When I was younger I found myself ebbing and flowing through being happy, being complacent, and being unhappy.
It seemed like I would work hard and it would make me happy and I would accomplish things that were important. Then I would gain an entitlement mindset and feel that I shouldn’t have to work so hard to be successful.
This would shift my work from being one filled with effort and quality, to an approach where I was always looking for the shortcut. Eventually this would lead to unhappiness.
I didn’t realize that I was in control of this feedback loop. The more I followed shortcuts and slacked off, the more likely I would be unhappy. The unhappier I was the more I would look for shortcuts and feel too entitled to work hard.
Luckily I was able to see what was happening. But even after I saw the structure, I continued to follow it and found it difficult to change.
It actually took a lot of work to slowly change the way I approached work. I had to tackle my sense of entitlement, I had to stop searching for shortcuts and start looking for improvements, and I had to realize that we could be happy and content and still work hard.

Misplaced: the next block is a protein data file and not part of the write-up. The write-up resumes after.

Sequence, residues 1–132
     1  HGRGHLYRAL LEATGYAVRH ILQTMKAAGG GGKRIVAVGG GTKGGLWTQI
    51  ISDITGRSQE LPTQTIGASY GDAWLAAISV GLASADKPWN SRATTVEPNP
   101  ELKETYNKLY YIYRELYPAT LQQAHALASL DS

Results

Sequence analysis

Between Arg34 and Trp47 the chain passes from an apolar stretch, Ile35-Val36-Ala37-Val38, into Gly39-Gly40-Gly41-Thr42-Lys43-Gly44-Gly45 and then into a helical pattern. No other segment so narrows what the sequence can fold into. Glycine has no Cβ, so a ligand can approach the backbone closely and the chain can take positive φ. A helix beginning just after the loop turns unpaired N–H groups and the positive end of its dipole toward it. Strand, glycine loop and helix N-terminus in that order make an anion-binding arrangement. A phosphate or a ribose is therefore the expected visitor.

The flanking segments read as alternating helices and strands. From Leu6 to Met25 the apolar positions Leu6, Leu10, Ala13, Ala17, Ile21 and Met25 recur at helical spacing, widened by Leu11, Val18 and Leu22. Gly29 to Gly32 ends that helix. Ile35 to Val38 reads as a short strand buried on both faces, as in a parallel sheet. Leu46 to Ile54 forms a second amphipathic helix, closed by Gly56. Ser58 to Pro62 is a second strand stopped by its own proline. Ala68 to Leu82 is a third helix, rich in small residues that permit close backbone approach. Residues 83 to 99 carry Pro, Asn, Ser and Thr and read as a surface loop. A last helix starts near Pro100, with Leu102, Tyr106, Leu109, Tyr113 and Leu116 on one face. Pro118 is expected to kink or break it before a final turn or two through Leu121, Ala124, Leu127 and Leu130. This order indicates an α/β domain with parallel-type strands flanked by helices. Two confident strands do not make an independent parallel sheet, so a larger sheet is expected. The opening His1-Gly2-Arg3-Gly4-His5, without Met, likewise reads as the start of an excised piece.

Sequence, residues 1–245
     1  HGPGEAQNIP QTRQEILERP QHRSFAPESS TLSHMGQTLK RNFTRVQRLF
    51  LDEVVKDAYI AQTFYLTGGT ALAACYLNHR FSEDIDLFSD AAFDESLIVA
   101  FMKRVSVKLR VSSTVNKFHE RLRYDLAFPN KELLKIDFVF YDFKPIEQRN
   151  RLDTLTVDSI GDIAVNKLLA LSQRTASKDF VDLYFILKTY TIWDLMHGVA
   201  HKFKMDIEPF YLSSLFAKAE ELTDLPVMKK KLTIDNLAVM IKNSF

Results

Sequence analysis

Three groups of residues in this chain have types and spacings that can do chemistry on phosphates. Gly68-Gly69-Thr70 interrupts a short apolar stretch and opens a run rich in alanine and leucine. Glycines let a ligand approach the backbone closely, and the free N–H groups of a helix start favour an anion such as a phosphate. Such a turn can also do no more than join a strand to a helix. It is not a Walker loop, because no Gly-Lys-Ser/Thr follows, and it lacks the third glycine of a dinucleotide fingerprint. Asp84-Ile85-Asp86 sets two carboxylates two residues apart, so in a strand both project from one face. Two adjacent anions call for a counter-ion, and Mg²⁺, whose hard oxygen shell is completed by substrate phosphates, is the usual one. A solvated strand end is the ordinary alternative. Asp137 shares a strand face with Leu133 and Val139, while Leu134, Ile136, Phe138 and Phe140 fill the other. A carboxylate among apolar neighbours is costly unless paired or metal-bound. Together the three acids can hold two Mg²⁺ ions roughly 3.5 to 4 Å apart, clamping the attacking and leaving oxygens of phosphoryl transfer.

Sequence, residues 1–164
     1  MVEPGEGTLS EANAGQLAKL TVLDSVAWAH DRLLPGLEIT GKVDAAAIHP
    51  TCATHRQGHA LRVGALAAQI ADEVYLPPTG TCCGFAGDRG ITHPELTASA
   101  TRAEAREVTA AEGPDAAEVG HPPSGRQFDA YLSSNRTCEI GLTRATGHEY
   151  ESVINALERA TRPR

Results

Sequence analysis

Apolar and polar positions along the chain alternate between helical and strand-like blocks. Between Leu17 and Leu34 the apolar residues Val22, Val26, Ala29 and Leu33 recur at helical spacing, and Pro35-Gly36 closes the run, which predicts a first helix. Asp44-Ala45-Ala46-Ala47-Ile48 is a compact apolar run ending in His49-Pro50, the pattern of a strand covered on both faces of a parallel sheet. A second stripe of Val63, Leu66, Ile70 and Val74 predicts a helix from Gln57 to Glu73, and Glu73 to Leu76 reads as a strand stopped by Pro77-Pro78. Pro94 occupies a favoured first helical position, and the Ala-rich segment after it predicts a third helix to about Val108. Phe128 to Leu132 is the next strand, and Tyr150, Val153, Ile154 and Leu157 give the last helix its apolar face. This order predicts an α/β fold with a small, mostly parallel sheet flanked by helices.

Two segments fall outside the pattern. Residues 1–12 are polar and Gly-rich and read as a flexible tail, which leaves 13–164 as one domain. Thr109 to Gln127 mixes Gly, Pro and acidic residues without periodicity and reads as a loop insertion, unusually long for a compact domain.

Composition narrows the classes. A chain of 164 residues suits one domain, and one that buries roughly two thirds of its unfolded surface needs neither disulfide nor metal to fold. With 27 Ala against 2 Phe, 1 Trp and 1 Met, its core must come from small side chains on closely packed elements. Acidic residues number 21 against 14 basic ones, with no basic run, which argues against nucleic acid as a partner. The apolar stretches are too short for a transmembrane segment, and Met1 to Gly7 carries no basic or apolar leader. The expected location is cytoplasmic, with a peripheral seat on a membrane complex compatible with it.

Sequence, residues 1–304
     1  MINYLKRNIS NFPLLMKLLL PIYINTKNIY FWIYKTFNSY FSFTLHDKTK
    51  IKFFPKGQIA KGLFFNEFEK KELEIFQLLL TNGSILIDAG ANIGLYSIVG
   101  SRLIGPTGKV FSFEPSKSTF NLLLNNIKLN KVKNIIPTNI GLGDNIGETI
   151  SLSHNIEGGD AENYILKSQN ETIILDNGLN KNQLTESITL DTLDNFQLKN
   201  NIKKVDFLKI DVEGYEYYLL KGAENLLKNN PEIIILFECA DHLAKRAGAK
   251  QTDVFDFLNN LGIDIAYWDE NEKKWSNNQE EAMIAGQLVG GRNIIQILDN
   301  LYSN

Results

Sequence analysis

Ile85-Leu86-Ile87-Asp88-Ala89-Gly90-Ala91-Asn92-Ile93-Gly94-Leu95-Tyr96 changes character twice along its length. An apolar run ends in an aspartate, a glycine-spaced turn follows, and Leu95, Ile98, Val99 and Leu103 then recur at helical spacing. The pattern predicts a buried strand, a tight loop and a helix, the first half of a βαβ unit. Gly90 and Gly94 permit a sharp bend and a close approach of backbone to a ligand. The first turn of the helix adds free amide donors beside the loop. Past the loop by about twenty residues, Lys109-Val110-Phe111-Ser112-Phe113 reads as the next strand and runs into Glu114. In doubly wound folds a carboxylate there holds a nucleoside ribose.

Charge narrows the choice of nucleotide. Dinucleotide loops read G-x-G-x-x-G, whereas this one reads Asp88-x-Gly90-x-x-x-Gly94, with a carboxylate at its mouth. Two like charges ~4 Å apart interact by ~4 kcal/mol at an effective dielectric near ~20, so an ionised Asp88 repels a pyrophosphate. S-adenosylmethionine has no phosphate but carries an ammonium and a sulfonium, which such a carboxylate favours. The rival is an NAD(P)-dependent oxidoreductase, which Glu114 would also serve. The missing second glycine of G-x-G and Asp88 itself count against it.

The key is to learn how to be content. Being content means that we don’t need anything more to be happy. Everything we need to be happy is right here, right now and it is up to us to accept that contentment.
But the key here is to avoid becoming complacent. Too often we don’t really feel content so we start to accept the situation as something we can’t change but that we don’t like.
Instead, we can slowly shift our approach. We can start to work on constant improvement and work to grow and get better. But if we maintain the content mindset we can do so not from a drive out of pain or unhappiness, but through a calm, confident, happy frame of mind.
To me this is one of the most important lessons I learned in life and one that I had to struggle with before I started to understand. Being content and happy is something that is available to all of us and something that can help us grow and improve, rather than something to slow us down or leads us towards shortcuts and complacency.